Educating the U.S. Military: Is Real Change Possible?


Editor’s Note: This is the latest article in our special series, “The Schoolhouse.” The aim of this series is to explore and debate the state of advanced graduate education in international affairs. We aim to move beyond the often-repetitive and tiresome debates about the usefulness of scholarship to policy. We believe there are deeper issues at stake. In this article, Joan Johnson-Freese addresses issues afflicting the sometimes-underrated and misunderstood field of professional military education.


Joint professional military education (JPME) in the United States needs to be fixed. And yet too few seem willing to take on the challenge. Through JPME members of the United States military learn professional skills, and as they progress in rank, they are prepared to transition from tactical to operational leaders, and eventually strategic leaders. Its importance was legislatively recognized when the 1986 Goldwater-Nichols Act mandated educational parameters for the military that have since developed into a continuum of learning. But alas, Congressional attention to PME has waned since its last champion and watchdog, Ike Skelton, left Congress in 2011.

Top military brass including Chairman of the Joint Chiefs Gen. Martin Dempsey say the right things. A 2012 speech by Dempsey at National Defense University was peppered with all the right words… “education is the strongest and most secure bridge to the future”…. “I want to ensure that our educational practices align with our needs and our expectations”… “education helps make military service the nation’s preeminent leadership experience.” He even called for “senior education leaders through the Military Education Coordination Council (MECC) to conduct a review… to update the value proposition of our joint professional education enterprise to meet — to determine whether we’ve got the attributes right, the outcomes rights [sic] that are demanded by the future security environment.”

The MECC, composed of representatives of the joint and service schools and any other JPME-accredited schools, is responsible for advising the office of the Joint Chiefs of Staff on scholarship and key educational issues. In effect, it controls military education.

But putting that task in the hands of the MECC virtually pre-determined that the review would be narrowly defined; and that except for a tweak here and there in the curriculum, everything would be found to be fine, just fine. Specifically, the MECC results focused on accessibility of educational programs, changes to teaching methodologies and assessment mechanisms, and enhanced use of technology. But expanding access and cognitive learning methodologies are bells and whistles until fundamental issues that have been raised by such groups and individuals as the House Armed Service Committee (2010), Howard Wiarda (2011), George Reed (2014), Nicholas Murray (2014), me and others have been addressed.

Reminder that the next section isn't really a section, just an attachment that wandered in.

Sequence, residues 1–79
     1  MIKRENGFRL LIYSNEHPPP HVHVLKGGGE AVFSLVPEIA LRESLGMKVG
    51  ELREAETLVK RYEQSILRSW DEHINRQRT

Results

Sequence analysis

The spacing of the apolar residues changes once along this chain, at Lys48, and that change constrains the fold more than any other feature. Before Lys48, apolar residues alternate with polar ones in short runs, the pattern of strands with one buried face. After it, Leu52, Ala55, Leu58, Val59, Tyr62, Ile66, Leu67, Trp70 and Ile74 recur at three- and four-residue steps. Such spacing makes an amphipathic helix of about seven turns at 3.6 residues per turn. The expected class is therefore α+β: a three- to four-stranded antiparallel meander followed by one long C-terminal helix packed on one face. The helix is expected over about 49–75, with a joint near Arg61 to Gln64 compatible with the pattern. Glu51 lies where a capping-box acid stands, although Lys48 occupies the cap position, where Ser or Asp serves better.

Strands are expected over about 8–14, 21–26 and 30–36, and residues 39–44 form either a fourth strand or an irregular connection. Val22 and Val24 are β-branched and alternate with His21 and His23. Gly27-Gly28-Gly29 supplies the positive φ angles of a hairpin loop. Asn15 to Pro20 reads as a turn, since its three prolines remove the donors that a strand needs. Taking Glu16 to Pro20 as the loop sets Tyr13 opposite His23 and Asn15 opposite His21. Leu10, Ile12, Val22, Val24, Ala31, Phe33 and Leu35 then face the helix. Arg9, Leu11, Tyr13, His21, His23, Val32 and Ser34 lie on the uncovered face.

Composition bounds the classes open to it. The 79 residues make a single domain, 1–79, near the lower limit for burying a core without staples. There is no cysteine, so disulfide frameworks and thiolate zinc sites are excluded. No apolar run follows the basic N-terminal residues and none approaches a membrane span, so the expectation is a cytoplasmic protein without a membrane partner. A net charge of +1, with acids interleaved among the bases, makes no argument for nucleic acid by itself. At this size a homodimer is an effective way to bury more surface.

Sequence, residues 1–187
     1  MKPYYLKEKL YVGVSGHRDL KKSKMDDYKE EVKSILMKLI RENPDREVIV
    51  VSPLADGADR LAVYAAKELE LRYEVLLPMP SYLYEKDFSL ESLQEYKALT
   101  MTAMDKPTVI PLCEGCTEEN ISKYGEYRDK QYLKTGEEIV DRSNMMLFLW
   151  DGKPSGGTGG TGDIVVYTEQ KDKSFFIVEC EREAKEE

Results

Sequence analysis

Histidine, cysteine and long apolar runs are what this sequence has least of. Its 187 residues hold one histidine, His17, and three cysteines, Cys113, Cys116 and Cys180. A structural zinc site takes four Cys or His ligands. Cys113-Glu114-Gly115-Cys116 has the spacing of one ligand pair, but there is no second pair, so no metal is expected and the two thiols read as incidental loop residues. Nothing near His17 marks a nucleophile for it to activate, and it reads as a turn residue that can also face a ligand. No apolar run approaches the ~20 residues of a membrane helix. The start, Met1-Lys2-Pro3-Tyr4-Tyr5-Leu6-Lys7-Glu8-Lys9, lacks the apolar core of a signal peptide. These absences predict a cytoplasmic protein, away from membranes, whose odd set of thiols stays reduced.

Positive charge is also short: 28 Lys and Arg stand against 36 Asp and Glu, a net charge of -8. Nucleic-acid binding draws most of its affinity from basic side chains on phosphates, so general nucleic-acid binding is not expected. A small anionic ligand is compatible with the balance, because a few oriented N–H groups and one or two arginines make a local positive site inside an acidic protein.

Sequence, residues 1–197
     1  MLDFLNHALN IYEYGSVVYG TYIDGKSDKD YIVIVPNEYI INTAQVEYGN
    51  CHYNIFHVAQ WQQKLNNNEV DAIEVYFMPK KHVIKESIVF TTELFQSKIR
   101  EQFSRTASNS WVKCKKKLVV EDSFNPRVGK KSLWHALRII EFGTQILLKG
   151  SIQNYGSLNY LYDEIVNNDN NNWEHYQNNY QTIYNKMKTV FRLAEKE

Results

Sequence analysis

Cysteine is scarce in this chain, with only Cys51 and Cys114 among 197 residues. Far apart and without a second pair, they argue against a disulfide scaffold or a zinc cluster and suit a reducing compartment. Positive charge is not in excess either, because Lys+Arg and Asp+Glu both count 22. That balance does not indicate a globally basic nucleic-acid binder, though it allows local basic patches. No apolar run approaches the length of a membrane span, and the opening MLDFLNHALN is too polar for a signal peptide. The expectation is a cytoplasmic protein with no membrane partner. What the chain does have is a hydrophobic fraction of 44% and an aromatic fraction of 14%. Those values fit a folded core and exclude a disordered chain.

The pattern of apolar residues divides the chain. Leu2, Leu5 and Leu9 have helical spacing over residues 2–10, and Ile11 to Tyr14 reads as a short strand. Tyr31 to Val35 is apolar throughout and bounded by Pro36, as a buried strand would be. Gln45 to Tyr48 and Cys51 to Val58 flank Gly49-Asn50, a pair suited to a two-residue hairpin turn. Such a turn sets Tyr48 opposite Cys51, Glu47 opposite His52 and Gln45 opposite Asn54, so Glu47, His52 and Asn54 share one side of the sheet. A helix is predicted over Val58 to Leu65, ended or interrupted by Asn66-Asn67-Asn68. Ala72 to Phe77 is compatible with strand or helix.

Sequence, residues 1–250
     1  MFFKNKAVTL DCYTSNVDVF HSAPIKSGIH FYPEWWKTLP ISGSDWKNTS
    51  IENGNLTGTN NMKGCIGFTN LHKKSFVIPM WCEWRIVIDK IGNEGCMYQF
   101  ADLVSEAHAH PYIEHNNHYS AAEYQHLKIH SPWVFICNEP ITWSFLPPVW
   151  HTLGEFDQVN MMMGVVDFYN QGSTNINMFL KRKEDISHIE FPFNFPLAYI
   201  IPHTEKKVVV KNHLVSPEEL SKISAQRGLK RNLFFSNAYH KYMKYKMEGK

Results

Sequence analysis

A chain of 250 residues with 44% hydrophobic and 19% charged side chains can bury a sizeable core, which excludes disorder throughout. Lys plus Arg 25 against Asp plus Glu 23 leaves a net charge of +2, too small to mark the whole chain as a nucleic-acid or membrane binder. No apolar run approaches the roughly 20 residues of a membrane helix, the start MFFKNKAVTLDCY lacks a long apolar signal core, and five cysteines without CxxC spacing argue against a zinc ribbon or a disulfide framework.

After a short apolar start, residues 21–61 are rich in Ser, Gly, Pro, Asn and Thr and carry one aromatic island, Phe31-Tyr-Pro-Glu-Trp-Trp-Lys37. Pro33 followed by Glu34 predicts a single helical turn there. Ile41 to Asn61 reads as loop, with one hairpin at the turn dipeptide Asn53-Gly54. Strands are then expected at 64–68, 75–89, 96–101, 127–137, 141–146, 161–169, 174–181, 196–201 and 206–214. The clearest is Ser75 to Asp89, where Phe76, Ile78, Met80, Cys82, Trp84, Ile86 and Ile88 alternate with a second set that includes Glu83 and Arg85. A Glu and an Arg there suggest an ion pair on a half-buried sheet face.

Issues that keep JPME institutions from truly excelling in both serving near-term warfighter needs and providing the strategic, critical-thinking-based education necessary for students’ future positions and challenges — specifically at degree-granting intermediate and senior level institutions — are chronicled in Christopher Lamb and Brittany Porro’s 2015 article in Joint Forces Quarterly. Problems break down into two key areas. First there are those of an institutional nature: who teaches what, how, and to what end. Then there are also those of a systemic nature: support for and management of JPME. Many or most of these issues are, however, continually ignored by the MECC, the Pentagon body responsible for military education. The MECC seems to have received its guidance from Britain’s late 19th century prime minister, Lord Salisbury: “Whatever happens will be for the worse. Therefore it is in our interest that as little should happen as possible.”

The Office of the Secretary of Defense has taken an interest in JPME, but has been effectively stiff-armed by the powerful MECC and MECC Working Group, comprised of status-quo staffers in the Joint Force Development directorate of the Pentagon and mid-level institutional administrators, few with any background in education or teaching beyond their JPME experience. The Office of the Secretary of Defense submitted over 40 recommendations to the MECC in 2014, and all were summarily declined. Trying to instigate change by working within a system committed to the status quo has proven frustrating for the people nominally in charge of the Pentagon. Therefore, unless much-needed structural authority for PME changes within the Pentagon, if institutional change is to occur, it must start and be implemented at the institutional level.

So can anybody really institute change in JPME? It appears that there is one position where, under the right conditions and with the right person, change can occur. Provosts can make a difference.

Leadership within JPME institutions is multi-leveled. Presidents and commandants are, appropriately, active duty flag officers. They are largely hamstrung by short tenures (the Naval War College has had 8 presidents since I arrived in 2002) in positions with steep learning curves and administrative bureaucracies happily settled in place that keep them perpetually busy, distracted and sometimes stonewalled. Motivations to take on challenges vary as well, as some institutional leaders are ready for retirement while others are still seeking promotion and so must be cognizant of the dangers of too much boat rocking. Those who attempt to run a college with a my-way-or-the highway approach will find themselves stymied, and those who attempt change against the grain of their underlings can be slow-rolled until the next person comes along.